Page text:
Developing AI technology more dangerous than nuclear weapons: Christopher Nolan
During the special screening of ‘Oppenheimer’, the director had spoken to a bunch of scientists working in the field of AI, and they too have questioned their work many times
Los Angeles: Christopher Nolan, much like other big figures in Hollywood such as James Cameron, Simon Pegg, Tom Cruise, has spoken about the increasing use of artificial intelligence in both movies and in real life, and has spoken greatly about its dangers.
Releasing his massive biopic ‘Oppenheimer’ in theatres which is currently ruling cinema, as the movie deals with the concept of nuclear weapons, Nolan has said that AI is even more dangerous than nukes.
As reported by Aceshowbiz, while speaking to 'The Guardian', the ‘Interstellar’ director said: "To look at the international control of nuclear weapons and feel that the same principles could be applied to something that doesn't require massive industrial processes - it's a bit tricky."
He added: “International surveillance of nuclear weapons is possible because nuclear weapons are very difficult to build. Oppenheimer spent $2 billion and used thousands of people across America to build those first bombs. It's reassuringly difficult to make nuclear weapons and so it's relatively easy to spot when a country is doing that. I don't believe any of that applies to AI.”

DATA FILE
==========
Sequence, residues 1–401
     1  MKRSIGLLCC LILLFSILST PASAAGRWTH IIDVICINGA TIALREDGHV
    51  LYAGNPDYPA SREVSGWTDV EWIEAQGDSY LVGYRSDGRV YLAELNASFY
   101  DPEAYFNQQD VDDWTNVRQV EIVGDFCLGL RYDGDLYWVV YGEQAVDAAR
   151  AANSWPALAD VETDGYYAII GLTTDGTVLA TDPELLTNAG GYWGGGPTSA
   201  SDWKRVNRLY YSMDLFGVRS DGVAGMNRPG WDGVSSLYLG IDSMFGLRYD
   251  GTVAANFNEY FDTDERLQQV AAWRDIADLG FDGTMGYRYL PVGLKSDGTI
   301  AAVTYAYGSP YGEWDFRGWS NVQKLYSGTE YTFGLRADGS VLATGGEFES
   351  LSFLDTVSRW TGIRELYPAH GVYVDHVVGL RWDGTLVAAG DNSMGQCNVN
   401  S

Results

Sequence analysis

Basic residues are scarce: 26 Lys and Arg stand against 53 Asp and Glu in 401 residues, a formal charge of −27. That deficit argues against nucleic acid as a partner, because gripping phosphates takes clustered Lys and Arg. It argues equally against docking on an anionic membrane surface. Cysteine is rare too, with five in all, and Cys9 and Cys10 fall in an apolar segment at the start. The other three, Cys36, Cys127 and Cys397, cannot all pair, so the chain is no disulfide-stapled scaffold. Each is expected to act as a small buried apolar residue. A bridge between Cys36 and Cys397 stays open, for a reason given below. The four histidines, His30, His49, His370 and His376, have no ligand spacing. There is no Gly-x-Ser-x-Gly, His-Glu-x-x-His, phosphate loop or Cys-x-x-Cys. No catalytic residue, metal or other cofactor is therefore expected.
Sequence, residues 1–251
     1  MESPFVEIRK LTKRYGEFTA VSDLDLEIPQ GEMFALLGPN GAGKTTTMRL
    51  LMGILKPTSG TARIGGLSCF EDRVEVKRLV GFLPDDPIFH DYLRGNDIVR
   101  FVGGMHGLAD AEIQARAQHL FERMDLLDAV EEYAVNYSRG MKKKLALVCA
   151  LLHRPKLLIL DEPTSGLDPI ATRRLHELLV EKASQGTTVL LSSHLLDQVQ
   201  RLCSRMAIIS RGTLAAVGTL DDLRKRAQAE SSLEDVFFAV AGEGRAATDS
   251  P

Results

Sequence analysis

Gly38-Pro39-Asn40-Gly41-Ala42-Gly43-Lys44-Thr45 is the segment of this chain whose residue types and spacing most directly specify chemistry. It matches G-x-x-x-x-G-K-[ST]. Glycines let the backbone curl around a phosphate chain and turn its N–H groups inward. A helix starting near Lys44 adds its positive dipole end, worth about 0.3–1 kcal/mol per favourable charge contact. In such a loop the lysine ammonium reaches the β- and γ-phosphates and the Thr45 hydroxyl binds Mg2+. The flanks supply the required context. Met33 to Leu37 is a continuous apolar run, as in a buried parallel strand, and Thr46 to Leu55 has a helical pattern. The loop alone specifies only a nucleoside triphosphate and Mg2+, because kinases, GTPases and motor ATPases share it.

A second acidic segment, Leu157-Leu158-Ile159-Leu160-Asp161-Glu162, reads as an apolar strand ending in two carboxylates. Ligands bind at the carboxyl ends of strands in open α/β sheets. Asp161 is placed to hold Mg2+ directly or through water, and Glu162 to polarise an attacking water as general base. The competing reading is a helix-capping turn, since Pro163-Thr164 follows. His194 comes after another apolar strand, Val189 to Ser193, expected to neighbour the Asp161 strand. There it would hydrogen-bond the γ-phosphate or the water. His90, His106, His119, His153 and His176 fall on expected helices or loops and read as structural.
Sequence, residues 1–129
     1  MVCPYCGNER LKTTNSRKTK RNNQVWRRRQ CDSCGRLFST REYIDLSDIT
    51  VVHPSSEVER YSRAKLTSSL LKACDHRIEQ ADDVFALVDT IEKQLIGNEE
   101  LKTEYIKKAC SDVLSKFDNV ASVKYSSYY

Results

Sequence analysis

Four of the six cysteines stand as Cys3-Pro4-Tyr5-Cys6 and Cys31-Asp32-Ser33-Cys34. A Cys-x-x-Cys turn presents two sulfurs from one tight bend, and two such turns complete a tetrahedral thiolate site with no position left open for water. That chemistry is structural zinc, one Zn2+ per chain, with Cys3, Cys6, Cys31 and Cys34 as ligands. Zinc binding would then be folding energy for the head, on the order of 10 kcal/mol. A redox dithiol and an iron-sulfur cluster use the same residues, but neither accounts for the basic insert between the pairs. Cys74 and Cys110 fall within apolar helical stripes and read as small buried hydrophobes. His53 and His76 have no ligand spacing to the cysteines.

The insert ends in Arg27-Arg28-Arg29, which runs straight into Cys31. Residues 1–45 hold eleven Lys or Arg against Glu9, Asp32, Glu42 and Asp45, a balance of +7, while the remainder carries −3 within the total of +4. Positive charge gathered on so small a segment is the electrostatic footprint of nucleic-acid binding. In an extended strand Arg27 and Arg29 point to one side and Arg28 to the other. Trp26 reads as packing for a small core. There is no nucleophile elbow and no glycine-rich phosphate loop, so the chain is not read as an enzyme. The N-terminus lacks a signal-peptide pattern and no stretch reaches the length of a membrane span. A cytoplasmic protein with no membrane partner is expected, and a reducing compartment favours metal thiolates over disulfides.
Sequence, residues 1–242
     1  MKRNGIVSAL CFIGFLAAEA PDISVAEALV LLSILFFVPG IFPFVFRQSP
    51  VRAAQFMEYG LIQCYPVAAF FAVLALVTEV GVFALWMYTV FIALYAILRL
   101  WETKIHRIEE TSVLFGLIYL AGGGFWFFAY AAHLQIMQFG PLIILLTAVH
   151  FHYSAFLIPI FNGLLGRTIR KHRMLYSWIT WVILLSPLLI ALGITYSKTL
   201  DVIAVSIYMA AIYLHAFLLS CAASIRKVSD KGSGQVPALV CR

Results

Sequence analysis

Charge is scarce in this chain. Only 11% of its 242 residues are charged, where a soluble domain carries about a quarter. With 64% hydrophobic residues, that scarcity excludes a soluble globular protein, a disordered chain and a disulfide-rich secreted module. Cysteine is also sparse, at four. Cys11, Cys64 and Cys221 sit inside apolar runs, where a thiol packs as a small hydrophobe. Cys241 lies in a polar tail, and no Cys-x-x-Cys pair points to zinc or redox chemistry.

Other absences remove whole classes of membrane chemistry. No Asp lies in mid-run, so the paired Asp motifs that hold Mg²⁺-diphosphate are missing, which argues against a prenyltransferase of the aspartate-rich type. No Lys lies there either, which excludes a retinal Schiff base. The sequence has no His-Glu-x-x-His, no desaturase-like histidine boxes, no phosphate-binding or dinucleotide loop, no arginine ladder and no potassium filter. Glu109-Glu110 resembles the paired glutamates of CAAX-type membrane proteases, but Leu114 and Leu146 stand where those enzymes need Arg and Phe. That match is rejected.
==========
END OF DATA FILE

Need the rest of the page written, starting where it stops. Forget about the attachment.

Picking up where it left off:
Nolan went on to say that the increasingly intimate relationship between AI and weaponry exposes the need for corporate accountability and much scrutiny.
He further went on to say that the very thought of people producing or using such technology without truly understanding its implications is, “absolutely terrifying … because as AI systems go into the defense infrastructure, ultimately they’ll be in charge of nuclear weapons.”
During the special screening of ‘Oppenheimer’ back on July 20, the director had spoken to a bunch of scientists working in the field of AI, and they too have questioned their work many times.
Many of these scientists and researchers have called the developments undertaken in their own department as their own personal ‘Oppenheimer’ moment as they ponder over the possible outcomes of such advancements in AI technology.
‘The Dark Knight’ director also went on to say that while the need for global accountability in AI control is becoming increasingly more important with advancing weapon technology as well as systems of control such as in surveillance systems, he said that “the United Nations has become a very diminished force” in controlling it.
The director also went on to say that upon watching ‘Oppenheimer’, he hoped audiences would better understand the prospects of control regarding weapon systems and artificial intelligence.